“I was a pain as soon as I was born,” jokes diver Leon Taylor. He refused to sleep, wouldn’t play with his toys, and was always climbing on the furniture, demanding constant attention and interaction. His parents discovered that physical movement was the best way to wear him out, so they got their diapered ball of energy involved in swimming.
Swimming evolved to diving, and by age 11, Taylor was the best diver in his age group in the United Kingdom. By the time he was 26, he was a three-time Olympian, competing in the 1996, 2000, and 2004 Games. He and his diving partner Peter Waterfield won silver medals in Athens in 2004.
But working out at this elite level took its toll on Taylor’s body: By 2008, he had undergone four reconstructive shoulder surgeries and was plagued by chronic lower-back pain. His medical team was concerned that he wouldn’t be able to walk properly by the time he reached his 40s. They recommended he stop training and abandon his dreams of another Olympic competition. His doctors and physiotherapists also suggested he try yoga to help alleviate his chronic pain symptoms.
After six months of regular Bikram Yoga practice, Taylor was finally pain-free. He also found his impatience, hyperactivity, and obsessive-compulsive athletic drive had been tempered.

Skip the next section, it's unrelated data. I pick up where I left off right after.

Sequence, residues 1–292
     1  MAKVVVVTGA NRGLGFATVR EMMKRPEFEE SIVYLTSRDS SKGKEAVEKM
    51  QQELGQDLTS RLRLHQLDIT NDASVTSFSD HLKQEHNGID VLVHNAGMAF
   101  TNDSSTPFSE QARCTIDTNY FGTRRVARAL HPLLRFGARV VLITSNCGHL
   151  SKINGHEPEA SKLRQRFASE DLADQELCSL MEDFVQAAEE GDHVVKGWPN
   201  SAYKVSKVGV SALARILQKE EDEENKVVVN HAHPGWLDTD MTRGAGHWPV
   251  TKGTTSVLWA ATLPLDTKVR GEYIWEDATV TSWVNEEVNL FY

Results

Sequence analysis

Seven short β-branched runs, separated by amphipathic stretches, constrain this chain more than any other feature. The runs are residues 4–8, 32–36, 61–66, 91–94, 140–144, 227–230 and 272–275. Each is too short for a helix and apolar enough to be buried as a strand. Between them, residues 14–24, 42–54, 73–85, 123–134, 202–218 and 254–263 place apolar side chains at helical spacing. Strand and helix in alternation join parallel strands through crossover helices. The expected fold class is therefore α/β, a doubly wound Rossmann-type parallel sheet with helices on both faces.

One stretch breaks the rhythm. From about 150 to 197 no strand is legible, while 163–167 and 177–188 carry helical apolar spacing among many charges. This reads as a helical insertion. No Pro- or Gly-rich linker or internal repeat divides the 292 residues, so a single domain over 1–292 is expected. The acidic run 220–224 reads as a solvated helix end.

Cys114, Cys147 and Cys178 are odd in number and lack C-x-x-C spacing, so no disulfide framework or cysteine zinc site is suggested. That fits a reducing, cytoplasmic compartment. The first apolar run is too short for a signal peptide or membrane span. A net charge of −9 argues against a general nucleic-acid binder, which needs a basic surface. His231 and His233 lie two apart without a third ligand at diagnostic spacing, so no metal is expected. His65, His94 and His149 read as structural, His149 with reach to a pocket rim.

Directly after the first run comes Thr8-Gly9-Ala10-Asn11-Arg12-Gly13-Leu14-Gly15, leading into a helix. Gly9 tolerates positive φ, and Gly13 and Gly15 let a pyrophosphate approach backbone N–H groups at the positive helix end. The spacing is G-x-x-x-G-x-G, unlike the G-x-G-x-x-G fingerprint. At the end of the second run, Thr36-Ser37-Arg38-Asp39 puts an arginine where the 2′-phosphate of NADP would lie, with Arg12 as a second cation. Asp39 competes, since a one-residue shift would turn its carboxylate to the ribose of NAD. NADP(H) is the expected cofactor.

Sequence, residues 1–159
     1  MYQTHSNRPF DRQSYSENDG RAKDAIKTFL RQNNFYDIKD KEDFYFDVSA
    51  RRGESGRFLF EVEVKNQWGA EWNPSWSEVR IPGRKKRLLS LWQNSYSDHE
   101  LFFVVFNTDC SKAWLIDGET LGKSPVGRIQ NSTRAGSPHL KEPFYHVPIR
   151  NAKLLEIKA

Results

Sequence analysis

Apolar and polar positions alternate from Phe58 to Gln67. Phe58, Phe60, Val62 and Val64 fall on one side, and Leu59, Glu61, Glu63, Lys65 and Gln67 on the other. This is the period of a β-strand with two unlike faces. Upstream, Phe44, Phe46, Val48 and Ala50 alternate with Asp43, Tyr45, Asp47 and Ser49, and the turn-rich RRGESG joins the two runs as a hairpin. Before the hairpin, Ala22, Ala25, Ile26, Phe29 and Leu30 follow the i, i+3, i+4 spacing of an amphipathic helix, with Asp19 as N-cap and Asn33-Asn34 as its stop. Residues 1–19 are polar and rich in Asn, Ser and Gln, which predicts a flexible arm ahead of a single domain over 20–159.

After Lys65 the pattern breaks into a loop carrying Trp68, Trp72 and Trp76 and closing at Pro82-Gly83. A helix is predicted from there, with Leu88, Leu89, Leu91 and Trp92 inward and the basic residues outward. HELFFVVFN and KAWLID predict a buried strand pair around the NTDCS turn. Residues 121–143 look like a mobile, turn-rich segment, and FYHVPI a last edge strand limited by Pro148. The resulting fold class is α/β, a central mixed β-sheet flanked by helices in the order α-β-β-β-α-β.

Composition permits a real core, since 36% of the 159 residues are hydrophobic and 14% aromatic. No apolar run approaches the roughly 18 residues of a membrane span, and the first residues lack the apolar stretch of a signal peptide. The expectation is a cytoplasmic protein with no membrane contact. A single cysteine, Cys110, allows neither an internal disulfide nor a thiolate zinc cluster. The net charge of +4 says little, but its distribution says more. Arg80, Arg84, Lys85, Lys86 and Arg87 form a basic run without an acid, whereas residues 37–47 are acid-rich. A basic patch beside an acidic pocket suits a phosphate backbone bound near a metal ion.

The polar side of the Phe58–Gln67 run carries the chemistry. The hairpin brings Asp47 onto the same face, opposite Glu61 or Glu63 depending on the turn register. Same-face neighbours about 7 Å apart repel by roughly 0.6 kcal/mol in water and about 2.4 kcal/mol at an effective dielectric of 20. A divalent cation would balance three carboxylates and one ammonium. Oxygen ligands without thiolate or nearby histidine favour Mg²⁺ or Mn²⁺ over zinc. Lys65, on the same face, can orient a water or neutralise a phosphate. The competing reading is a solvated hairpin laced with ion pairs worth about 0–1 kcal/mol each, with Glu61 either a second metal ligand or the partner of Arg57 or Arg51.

“I made a decision then that I would always practice yoga,” he says. “I just know that if I had discovered this years before, it would have made such a difference to the quality of life during my time as an athlete, and especially during the times of challenge.”
Inspired, he traveled to Arizona in 2009 to learn more about yoga—both the physical practice and the spiritual philosophies. In 2010, he registered for a teacher-training program in Morocco led by Allie Hill, founder of U.K.-based studio Yogahaven. They eventually became a couple and welcomed their first child in June 2020.
Throughout the pandemic, Taylor has been mentoring young athletes in the England Talent Diving Pathway program and educating the next generation of divers on the benefits of yoga practice for competitors.
“It fills me with such joy to be able to share what I’ve learned over the past decade or so with younger athletes,” he says.